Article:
Interview with New York City Rising Star Chef Angela Dimayuga of Mission Chinese

by Antoinette Bruno
February 2017

Antoinette Bruno: How did you get your start?
Angela Dimayuga:
I wanted to be a chef since I was a kid. In high school, I worked in the cafeteria as part of a work scholarship. I also worked restaurant jobs and found them really fun.
I considered going to culinary school but studied humanities. 

I moved to New York ten years ago and my first professional job was as a baker at a small cafe private chef woman who was really inspring. I moved to Vinegar Hill House, which was very formative working for chef Jean Adamson. I started when they were opening and saw how to start a business and kitchen from scratch with minimal equipment.

AB: Who's your mentor?
Jean Adamson. It was exciting to work for her as she was opening her own business; I watched and supported her. She always had her own goal to open her own business and to watch her do that was inspiring.

AB: What's the biggest challenge facing your restaurant?
I didn’t know what I was signing up for when I met Danny [Bowien], I never went to Mission [Chinese Food] in San Francisco. I never had Szechuan food which was the base of his menu. It was a challenge not knowing what I was getting involved in; it wasn't a national brand when I started. They’re constantly pushing to be more creative and progressive in their own way, and I was finding out what that is.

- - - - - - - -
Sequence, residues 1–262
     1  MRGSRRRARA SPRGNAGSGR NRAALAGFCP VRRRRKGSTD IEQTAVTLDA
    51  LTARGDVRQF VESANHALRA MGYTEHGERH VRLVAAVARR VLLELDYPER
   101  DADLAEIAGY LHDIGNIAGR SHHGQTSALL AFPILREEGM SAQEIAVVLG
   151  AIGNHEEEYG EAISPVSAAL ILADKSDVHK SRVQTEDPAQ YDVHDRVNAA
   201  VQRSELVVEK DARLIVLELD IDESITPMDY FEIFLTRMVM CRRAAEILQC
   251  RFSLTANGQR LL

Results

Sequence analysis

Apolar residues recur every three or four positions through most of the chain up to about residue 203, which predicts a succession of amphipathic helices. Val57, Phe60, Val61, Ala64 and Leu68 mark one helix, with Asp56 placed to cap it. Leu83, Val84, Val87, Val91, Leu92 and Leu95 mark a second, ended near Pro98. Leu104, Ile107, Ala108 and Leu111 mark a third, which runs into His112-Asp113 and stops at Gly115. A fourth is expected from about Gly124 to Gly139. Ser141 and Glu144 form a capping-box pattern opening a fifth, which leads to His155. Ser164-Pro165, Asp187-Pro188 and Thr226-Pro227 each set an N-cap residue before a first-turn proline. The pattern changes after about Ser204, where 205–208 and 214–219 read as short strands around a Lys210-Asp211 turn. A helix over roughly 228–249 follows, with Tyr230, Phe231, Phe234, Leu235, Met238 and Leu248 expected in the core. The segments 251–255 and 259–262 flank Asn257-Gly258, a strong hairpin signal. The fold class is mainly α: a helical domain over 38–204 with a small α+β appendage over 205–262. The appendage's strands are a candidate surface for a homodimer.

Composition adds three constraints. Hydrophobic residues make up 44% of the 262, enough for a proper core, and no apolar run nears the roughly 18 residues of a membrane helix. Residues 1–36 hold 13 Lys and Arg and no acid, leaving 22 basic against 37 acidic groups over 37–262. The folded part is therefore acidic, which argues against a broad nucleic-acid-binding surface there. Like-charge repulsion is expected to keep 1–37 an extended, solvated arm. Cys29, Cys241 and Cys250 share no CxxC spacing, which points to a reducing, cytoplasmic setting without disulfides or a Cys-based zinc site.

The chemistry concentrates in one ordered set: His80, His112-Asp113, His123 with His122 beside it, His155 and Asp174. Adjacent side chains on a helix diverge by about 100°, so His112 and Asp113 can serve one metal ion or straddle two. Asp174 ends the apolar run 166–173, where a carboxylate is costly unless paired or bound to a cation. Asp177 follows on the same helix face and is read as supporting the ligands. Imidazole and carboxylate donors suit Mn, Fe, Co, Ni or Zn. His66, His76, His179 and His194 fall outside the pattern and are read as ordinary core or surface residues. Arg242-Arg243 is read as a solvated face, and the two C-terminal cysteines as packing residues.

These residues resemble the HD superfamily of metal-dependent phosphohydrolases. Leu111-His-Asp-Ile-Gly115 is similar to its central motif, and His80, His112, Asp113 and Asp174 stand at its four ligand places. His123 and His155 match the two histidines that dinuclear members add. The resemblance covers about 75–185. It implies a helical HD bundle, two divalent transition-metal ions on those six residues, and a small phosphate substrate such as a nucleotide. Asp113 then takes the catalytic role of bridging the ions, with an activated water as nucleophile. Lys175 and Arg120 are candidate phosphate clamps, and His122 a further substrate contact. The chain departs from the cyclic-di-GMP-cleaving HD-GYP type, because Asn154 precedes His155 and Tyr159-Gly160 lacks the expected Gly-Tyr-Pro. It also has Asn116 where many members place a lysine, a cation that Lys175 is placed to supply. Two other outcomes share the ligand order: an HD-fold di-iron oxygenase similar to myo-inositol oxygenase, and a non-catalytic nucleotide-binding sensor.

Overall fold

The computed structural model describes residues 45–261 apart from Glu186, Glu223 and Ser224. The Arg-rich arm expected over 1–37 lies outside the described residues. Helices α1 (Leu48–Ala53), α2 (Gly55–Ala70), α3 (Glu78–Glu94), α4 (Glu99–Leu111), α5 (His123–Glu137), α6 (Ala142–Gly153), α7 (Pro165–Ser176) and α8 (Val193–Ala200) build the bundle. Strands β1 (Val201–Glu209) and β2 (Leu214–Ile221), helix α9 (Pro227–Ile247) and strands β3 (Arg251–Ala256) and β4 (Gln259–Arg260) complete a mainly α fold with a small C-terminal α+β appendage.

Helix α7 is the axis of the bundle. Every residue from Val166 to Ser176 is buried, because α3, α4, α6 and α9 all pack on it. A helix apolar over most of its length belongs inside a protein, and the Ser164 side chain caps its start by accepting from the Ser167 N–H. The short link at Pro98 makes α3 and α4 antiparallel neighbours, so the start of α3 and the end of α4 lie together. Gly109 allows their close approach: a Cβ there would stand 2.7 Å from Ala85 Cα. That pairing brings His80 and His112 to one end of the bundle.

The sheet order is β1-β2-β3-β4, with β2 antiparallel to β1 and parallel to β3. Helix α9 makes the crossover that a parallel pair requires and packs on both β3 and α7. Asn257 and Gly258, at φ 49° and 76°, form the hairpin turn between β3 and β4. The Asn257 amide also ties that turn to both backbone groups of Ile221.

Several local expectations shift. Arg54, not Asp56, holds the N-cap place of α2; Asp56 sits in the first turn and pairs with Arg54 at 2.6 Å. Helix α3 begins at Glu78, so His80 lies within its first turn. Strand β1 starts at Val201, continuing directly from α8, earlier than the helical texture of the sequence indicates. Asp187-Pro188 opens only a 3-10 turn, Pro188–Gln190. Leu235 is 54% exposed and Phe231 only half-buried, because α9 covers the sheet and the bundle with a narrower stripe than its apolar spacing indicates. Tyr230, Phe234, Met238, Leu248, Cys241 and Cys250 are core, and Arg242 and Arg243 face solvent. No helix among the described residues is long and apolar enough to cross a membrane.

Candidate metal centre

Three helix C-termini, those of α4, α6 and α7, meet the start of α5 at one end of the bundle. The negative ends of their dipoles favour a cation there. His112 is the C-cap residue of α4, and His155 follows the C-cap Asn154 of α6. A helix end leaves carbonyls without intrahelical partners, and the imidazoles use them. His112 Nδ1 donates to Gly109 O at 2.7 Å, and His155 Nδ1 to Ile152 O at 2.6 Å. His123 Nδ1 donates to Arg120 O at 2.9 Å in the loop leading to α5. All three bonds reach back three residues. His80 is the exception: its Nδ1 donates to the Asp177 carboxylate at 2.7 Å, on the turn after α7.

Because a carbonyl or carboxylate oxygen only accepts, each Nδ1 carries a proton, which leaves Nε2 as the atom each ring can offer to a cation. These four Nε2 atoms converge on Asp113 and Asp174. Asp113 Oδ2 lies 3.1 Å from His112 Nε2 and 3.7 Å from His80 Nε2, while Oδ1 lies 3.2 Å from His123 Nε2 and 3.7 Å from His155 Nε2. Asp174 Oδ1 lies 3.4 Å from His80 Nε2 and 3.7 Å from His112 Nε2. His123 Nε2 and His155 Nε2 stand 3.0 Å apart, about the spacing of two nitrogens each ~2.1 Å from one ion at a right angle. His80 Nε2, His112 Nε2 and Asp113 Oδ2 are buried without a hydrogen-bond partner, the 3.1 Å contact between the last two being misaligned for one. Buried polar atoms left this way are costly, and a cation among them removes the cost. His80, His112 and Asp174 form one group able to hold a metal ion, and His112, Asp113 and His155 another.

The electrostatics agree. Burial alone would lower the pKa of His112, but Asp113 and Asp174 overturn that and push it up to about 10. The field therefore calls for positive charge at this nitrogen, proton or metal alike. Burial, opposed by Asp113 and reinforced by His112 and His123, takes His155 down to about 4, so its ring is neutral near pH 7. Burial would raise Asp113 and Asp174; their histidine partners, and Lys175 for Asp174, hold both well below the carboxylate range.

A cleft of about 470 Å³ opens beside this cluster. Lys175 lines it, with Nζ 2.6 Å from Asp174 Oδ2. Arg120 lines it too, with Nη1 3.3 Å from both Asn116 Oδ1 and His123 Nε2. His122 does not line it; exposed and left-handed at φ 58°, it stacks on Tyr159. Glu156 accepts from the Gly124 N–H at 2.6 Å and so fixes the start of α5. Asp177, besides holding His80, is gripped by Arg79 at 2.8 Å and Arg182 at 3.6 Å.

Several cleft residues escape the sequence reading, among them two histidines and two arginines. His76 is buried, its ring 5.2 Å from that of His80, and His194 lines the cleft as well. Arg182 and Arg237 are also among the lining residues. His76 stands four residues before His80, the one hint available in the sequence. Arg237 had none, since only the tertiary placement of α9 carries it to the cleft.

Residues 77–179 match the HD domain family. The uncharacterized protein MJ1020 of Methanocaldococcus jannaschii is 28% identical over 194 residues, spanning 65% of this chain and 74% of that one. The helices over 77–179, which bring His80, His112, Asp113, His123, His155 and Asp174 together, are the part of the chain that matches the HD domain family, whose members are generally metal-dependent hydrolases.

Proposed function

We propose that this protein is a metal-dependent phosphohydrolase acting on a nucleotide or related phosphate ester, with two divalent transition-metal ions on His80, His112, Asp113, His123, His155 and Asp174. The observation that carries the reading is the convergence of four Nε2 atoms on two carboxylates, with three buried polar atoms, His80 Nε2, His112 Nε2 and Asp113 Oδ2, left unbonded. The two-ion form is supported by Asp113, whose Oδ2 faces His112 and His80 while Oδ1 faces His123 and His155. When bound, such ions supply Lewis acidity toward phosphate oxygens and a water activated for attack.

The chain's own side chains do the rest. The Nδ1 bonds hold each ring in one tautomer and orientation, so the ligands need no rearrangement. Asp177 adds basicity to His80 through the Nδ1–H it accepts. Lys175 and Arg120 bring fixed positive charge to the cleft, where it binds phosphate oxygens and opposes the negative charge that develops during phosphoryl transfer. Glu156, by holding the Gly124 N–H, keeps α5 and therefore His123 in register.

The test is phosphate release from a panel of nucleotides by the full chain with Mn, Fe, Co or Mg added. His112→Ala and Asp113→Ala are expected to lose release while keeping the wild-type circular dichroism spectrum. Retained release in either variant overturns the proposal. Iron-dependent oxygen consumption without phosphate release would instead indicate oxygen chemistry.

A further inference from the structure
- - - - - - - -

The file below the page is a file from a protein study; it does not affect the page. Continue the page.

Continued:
AB: What's your five year plan?
I want to continue collaborating, that part of the restaurant industry is big for me. I want to open something else, write a cookbook or two, explore a lot more of my Filipino heritage with food. 

AB: Has it been tough trying to introduce people to Filipino flavors?
Filipino food has challenging flavors and ingredients confusing for the American palate that hasn’t been around different cuisines. Filipino food can be hard to understand from a flavor perspective and it’s been underserved in restaurants.